The boat deck will store a 13-foot Novurania RIB tender, which is launched or retrieved by the hydraulic crane set to starboard. (By now you should be getting the picture that hydraulic systems, because of their reliability and long duty cycles, play a significant part in the Aleutian 70’s standard equipment list. This seems entirely appropriate for the mission and quality Grand Banks has worked to establish.) There’s an outdoor galley to port under the radar arch, and settees on both sides equipped with teak-grate tables for dining or entertaining. A brace of Stidd chairs faced the forward console, with the helmsman’s on the centerline for the best possible view in all directions. I liked the chart table to the right of the helmsman’s position, but thought that, if this were my yacht, I’d like to have something similar to the port side of the first mate’s chair to have one more pair of eyes helping out with navigation.

Just to starboard of the helm, a translucent weatherproof hatch opened to reveal a staircase leading down to the pilothouse deck. As with the earlier 64, the galley and a small portside dinette were on the same level as the lower helm, but our yacht had something special to improve visibility aft. Hull number one was equipped with an optional electric lift mechanism that lowered the over-range galley cabinet for use and partially raised it into the cabin top, creating a better view through the galley and out the aft saloon windows. Additionally, the television in the aft port corner of the saloon was also mounted on a lift for improved visibility when lowered.

The galley itself was equipped with all the tools an entertaining owner might wish for. Corian counters are standard, as are Miele dishwasher, Broan compactor, Miele cook top, GE Profile splash and exhaust, and six SubZero drawer-style units-three refrigerators, three freezers. Another freezer was located in the crew’s quarters, adding capacity for long-distance cruises.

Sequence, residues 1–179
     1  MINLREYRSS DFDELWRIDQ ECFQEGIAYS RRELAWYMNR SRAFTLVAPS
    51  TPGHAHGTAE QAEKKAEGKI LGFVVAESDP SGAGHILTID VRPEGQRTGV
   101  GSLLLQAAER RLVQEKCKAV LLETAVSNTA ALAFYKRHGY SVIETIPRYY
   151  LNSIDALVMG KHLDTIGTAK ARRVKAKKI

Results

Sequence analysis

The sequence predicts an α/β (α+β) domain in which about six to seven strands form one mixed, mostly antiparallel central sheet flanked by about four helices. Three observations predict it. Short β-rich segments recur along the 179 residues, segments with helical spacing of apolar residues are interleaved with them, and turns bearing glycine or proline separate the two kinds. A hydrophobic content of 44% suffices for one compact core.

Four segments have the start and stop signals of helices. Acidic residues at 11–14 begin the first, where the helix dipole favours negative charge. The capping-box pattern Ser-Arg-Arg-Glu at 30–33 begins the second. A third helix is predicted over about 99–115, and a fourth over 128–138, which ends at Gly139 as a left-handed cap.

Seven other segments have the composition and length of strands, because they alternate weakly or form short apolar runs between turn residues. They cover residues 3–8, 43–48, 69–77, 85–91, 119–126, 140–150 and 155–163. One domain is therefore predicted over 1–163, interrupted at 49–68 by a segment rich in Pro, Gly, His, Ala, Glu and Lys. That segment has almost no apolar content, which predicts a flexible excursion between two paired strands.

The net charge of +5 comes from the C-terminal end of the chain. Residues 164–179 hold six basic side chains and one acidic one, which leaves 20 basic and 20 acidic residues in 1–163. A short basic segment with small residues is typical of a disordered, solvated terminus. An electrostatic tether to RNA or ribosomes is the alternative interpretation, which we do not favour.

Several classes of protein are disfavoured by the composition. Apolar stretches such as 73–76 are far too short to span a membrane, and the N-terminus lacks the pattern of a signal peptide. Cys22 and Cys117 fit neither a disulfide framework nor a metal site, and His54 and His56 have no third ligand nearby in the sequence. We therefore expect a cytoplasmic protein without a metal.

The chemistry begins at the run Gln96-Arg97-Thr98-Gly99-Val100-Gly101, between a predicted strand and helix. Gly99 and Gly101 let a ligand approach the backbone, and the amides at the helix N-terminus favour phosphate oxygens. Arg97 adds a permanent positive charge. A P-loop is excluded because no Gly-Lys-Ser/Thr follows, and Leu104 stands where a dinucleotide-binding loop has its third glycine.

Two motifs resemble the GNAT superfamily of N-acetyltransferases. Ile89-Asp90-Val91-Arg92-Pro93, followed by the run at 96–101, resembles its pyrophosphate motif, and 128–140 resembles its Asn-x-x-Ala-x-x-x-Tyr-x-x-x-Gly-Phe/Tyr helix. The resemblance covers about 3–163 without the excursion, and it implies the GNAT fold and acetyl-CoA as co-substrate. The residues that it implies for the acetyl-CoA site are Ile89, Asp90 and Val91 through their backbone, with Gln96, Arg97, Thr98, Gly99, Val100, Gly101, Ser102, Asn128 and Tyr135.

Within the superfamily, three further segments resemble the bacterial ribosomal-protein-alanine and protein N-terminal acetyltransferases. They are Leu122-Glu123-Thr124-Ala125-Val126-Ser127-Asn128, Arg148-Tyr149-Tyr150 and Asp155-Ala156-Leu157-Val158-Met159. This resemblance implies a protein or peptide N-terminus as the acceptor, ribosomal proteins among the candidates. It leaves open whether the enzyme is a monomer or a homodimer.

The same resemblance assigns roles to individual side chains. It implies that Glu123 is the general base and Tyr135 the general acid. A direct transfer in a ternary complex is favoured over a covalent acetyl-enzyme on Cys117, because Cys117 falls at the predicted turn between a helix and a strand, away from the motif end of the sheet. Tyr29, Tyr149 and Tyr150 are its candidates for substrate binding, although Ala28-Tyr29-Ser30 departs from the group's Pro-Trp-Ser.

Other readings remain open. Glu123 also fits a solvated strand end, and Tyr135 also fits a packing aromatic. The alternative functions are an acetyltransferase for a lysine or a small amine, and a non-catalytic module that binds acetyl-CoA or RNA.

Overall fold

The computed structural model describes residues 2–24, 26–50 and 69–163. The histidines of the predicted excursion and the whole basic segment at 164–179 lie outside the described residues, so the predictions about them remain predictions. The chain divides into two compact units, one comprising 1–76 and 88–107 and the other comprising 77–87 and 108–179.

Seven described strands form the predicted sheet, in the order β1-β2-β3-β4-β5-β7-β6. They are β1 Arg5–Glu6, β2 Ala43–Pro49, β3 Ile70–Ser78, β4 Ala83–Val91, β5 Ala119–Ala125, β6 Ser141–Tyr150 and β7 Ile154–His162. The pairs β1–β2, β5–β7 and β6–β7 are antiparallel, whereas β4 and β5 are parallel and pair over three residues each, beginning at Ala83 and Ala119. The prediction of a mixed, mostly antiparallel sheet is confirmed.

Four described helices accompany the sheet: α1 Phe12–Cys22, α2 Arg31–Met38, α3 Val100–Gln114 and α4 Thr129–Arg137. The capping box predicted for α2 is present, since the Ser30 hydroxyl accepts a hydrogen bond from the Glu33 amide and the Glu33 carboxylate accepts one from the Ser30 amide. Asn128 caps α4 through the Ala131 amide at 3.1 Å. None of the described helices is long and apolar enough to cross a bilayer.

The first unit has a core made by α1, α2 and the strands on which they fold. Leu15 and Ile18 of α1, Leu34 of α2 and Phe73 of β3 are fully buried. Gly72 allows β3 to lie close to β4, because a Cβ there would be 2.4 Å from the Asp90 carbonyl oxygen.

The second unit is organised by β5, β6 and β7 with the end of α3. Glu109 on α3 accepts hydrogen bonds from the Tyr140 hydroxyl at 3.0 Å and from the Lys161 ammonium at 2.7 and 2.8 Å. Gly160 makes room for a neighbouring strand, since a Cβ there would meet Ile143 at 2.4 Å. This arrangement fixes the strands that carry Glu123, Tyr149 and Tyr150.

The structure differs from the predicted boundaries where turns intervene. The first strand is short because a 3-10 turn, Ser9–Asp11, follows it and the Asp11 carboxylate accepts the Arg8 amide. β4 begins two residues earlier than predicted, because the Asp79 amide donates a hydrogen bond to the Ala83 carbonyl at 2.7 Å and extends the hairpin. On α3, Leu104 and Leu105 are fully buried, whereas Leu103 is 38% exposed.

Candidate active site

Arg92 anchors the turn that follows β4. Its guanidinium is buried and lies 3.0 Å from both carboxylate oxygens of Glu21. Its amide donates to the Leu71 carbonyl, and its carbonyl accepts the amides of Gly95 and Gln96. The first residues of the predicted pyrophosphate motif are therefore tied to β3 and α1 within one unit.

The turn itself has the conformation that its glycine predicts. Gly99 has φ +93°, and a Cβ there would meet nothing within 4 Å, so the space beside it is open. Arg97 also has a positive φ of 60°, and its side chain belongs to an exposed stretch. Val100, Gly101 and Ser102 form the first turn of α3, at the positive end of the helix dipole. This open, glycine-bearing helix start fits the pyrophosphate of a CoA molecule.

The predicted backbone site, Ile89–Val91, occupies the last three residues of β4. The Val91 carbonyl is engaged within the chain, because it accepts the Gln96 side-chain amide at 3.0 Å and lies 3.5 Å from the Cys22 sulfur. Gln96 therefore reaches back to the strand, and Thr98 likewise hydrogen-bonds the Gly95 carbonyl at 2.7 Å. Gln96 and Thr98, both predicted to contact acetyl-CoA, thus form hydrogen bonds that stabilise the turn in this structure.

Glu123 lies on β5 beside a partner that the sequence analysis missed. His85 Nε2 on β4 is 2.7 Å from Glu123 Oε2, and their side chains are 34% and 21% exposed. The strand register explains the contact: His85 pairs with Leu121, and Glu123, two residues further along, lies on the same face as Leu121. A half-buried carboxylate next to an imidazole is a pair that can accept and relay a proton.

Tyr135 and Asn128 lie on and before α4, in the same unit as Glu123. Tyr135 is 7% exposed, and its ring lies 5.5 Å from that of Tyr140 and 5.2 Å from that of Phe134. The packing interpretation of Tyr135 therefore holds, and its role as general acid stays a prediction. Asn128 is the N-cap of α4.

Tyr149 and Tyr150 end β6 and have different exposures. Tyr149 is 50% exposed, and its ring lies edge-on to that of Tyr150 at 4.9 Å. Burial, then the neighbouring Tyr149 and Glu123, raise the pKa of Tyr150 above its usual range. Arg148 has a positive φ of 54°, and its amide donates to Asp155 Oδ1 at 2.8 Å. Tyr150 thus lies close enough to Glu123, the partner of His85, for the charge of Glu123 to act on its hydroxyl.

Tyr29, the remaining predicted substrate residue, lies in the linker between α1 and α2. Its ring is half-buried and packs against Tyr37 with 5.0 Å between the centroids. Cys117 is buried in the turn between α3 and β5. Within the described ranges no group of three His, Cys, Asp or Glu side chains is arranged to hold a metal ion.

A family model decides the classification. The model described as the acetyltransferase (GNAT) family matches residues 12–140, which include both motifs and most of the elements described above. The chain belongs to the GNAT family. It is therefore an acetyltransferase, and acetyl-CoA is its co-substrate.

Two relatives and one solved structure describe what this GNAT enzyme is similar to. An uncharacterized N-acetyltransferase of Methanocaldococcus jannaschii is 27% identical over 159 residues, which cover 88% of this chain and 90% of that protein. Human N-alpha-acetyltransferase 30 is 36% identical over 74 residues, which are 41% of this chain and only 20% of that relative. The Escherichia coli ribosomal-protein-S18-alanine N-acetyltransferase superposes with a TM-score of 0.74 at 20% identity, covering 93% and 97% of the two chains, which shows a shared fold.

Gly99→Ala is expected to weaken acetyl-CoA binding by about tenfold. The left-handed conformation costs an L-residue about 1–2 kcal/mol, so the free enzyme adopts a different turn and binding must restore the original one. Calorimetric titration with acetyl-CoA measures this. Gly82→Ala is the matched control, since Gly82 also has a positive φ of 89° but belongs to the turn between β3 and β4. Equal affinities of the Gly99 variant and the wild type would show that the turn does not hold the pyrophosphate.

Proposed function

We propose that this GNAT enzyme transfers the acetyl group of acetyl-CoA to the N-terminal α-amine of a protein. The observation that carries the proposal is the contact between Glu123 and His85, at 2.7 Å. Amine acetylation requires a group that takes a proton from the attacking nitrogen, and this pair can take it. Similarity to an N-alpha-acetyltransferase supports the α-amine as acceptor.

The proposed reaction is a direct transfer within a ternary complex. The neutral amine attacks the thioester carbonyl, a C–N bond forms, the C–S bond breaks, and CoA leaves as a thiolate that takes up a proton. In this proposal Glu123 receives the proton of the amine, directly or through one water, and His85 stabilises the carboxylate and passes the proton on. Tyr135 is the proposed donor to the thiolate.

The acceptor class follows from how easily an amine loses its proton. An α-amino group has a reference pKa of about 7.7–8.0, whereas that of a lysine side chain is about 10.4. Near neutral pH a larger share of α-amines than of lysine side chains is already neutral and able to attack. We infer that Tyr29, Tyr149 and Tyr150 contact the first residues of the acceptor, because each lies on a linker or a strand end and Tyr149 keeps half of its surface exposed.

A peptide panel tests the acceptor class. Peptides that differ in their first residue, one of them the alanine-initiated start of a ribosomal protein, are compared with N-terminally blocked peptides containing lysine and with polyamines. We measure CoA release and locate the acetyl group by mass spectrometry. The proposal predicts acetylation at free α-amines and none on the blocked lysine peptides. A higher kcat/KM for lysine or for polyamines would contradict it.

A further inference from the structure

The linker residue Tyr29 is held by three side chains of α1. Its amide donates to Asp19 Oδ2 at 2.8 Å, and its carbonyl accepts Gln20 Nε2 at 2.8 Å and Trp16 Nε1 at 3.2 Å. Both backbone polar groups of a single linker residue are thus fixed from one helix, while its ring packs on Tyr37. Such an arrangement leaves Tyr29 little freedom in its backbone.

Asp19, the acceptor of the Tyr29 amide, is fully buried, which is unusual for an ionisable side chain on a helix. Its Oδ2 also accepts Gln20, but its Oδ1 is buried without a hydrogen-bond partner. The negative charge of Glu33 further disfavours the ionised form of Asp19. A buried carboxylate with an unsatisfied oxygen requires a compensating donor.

Jay Bettis and Co. installed the electronics in Seabrook, Texas, before the boat was delivered to Ft. Lauderdale. Two 17-inch Big Bay monitors, one directly ahead of the wheel, ran Nobeltec Admiral navigational software and two IR2 radars-a 48-mile unit to port and a 72-mile to starboard. Two built-in 3-gig Shuttle X small form-factor personal computers processed all the navigation data, controlled by two wireless mice on a shelf to starboard of the Stidd pilothouse helm seat. Jay mentioned that Stidd offers a trackball-equipped chair that might be more desirable to some, but that this setup worked well for them. There was plenty of room remaining on the helm console for two more large monitors, desirable if you wanted the most impressive glass helm of all time. A pair of Furuno GP37 GPS receivers, Simrad IS-15 depth/speed/trip, Twin Disc EC300 Power Commander electronic throttles added functionality to the well-laid-out helm. Overhead, the autopilot was within easy reach of the wheel, flanked by a stabilizer control panel, a fuel transfer system and tank monitor readout that made it easy to move fuel from multiple tanks to a single day tank. There’s plenty of room for an SSB radio and a backup VHF, as well.

After a full day’s run, we tied up at The Galleon, rinsed the boat well, cleaned up and headed for Duval Street. In another boat, it might have been an exhausting delivery. In our case, the night was young and, even though the weather was punishing, we arrived with personal energy in reserve. n Contact: Grand Banks, (206) 352-0116;